View details for Web of Science ID 000249156800013

    View details for PubMedID 17768291

  • Why rescue the administrative data version of the "failure to rescue" quality indicator MEDICAL CARE McDonald, K. M., Davies, S. M., Geppert, J., Romano, P. S. 2007; 45 (4): 277-279

    View details for Web of Science ID 000245701600001

    View details for PubMedID 17496708

  • Quality improvement strategies for type 2 diabetes - Reply JAMA-JOURNAL OF THE AMERICAN MEDICAL ASSOCIATION Shojania, K. G., Ranji, S. R., McDonald, K. M., Grimshaw, J. M., Rushakoff, R. J., Owens, D. K. 2006; 296 (22): 2681-2681
  • Pediatric anthrax: implications for bioterrorism preparedness. Evidence report/technology assessment Bravata, D. M., Wang, E., Holty, J., Lewis, R., Wise, P. H., Nayak, S., Liu, H., McDonald, K. M., Owens, D. K. 2006: 1-48

    Abstract

    To systematically review the literature about children with anthrax to describe their clinical course, treatment responses, and the predictors of disease progression and mortality.MEDLINE (1966-2005), 14 selected journal indexes (1900-1966) and bibliographies of all retrieved articles.We sought case reports of pediatric anthrax published between 1900 and 2005 meeting predefined criteria. We abstracted three types of data from the English-language reports: (1) Patient information (e.g., age, gender, nationality), (2) symptom and disease progression information (e.g., whether the patient developed meningitis); (3) treatment information (e.g., treatments received, year of treatment). We compared the clinical symptoms and disease progression variables for the pediatric cases with data on adult anthrax cases reviewed previously.We identified 246 titles of potentially relevant articles from our MEDLINE(R) search and 2253 additional references from our manual search of the bibliographies of retrieved articles and the indexes of the 14 selected journals. We included 62 case reports of pediatric anthrax including two inhalational cases, 20 gastrointestinal cases, 37 cutaneous cases, and three atypical cases. Anthrax is a relatively common and historically well-recognized disease and yet rarely reported among children, suggesting the possibility of significant under-diagnosis, underreporting, and/or publication bias. Children with anthrax present with a wide range of clinical signs and symptoms, which differ somewhat from the presenting features of adults with anthrax. Like adults, children with gastrointestinal anthrax have two distinct clinical presentations: Upper tract disease characterized by dysphagia and oropharyngeal findings and lower tract disease characterized by fever, abdominal pain, and nausea and vomiting. Additionally, children with inhalational disease may have "atypical" presentations including primary meningoencephalitis. Children with inhalational anthrax have abnormal chest roentgenograms; however, children with other forms of anthrax usually have normal roentgenograms. Nineteen of the 30 children (63%) who received penicillin-based antibiotics survived; whereas nine of 11 children (82%) who received anthrax antiserum survived.There is a broad spectrum of clinical signs and symptoms associated with pediatric anthrax. The limited data available regarding disease progression and treatment responses for children infected with anthrax suggest some differences from adult populations. Preparedness planning efforts should specifically address the needs of pediatric victims.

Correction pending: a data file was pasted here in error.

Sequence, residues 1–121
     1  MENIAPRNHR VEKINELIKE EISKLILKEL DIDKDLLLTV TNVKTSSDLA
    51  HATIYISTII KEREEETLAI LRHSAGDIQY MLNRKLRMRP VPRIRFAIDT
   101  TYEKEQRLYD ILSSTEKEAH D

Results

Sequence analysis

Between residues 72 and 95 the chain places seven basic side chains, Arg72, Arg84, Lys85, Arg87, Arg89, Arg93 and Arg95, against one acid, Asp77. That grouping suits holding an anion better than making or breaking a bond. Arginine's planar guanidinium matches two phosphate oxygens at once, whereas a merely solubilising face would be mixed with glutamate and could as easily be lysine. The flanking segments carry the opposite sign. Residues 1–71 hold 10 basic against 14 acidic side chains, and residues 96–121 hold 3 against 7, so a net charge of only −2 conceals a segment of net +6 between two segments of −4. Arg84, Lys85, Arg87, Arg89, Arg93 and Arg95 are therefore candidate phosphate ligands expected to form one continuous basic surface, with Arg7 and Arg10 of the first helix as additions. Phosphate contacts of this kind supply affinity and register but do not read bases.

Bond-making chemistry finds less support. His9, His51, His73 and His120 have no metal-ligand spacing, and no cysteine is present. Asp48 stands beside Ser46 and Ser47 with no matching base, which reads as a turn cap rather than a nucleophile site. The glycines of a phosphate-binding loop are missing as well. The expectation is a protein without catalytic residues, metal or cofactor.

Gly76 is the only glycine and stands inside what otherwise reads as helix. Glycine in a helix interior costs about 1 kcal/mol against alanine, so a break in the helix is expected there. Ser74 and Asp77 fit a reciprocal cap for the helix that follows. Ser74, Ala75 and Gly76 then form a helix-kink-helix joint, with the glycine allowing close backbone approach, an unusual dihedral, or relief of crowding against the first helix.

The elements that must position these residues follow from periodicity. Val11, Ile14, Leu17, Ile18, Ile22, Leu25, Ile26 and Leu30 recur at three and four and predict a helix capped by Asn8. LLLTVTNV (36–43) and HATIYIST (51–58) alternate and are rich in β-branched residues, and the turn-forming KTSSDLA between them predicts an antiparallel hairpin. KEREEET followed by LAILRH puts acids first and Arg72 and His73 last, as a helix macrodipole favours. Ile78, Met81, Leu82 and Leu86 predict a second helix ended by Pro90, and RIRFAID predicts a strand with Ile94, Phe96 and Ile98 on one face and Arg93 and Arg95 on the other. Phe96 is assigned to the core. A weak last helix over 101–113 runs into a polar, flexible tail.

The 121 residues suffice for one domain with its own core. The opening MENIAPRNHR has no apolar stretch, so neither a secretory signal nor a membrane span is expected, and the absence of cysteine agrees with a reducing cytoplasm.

View details for PubMedID 17764208

  • Effects of quality improvement strategies for type 2 diabetes on glycemic control - A meta-regression analysis JAMA-JOURNAL OF THE AMERICAN MEDICAL ASSOCIATION Shojania, K. G., Ranji, S. R., McDonald, K. M., Grimshaw, J. M., Sundaram, V., Rushakoff, R. J., Owens, D. K. 2006; 296 (4): 427-440

    Abstract